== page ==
Left-Handedness and Developmental Coordination Disorder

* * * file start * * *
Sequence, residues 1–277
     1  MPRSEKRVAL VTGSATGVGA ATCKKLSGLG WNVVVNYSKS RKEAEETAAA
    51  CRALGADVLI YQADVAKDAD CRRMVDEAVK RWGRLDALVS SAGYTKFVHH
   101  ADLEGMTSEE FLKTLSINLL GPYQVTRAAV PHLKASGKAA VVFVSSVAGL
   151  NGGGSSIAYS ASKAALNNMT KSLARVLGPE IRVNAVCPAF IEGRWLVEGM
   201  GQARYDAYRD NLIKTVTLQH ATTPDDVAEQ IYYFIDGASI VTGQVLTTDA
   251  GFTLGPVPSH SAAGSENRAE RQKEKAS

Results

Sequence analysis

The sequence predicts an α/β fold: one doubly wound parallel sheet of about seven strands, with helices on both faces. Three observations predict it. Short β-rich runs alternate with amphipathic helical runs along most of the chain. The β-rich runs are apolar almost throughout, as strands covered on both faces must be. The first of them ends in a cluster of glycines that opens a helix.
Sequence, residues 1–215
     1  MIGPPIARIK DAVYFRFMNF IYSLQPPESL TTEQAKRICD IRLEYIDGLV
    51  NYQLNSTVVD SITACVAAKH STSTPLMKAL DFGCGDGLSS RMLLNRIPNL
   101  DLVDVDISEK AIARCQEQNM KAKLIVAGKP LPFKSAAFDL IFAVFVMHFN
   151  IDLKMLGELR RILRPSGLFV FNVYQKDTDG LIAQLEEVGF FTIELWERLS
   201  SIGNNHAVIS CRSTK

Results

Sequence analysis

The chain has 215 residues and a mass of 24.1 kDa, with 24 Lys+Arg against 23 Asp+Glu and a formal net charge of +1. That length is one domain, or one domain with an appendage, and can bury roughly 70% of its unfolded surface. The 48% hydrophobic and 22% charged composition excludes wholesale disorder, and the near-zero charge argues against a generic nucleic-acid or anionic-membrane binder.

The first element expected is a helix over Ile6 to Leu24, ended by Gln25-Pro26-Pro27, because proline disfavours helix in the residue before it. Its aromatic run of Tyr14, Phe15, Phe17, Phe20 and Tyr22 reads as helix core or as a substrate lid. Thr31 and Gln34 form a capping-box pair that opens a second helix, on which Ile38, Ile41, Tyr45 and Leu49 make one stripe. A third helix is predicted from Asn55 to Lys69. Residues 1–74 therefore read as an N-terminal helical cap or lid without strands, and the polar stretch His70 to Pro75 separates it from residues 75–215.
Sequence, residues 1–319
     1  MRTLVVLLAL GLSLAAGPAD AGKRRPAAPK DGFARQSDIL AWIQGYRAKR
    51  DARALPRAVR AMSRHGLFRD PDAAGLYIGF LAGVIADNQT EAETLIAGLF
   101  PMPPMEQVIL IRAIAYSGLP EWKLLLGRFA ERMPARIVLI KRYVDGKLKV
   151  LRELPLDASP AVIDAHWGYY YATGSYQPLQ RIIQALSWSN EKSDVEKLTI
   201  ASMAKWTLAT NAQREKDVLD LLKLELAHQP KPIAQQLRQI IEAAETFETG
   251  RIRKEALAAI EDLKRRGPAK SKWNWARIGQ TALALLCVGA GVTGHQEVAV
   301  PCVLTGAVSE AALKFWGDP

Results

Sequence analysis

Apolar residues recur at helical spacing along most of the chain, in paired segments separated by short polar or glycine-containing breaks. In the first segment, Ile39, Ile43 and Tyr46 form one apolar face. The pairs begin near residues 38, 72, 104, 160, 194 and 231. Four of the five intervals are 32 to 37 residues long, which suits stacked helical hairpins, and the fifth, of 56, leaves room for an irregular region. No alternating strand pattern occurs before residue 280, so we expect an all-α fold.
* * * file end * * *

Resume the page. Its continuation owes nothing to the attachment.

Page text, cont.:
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OBJECTIVE: To examine the prevalence of left-handedness in a sample of children screened for developmental coordination disorder (DCD). METHOD: Using the Bruininks-Oseretsky Test of Motor Proficiency-Short Form (BOTMP-SF), 2297 children were screened with 128 scoring at or below the fifth percentile and identified as probable cases of DCD. Using the Movement-ABC (M-ABC) and the Kaufman Brief Intelligence Test, 30 children (24 from the DCD group, and 6 who scored above the cut-off) were randomly selected for further assessment. RESULTS: Among the students who had previously scored at or below the fifth percentile on the BOTMP-SF, 24 were evaluated. Among the 19 children who met diagnostic criteria for DCD (IQ > 70, M-ABC < 16th percentile), 37% (n = 9) were left-handed. Among children who scored at or below the fifth percentile of the M-ABC, 46% were left-handed (6/13). CONCLUSION: The prevalence of left-handedness in children with DCD suggests a possible role for cerebral lateralization in motor coordination problems.
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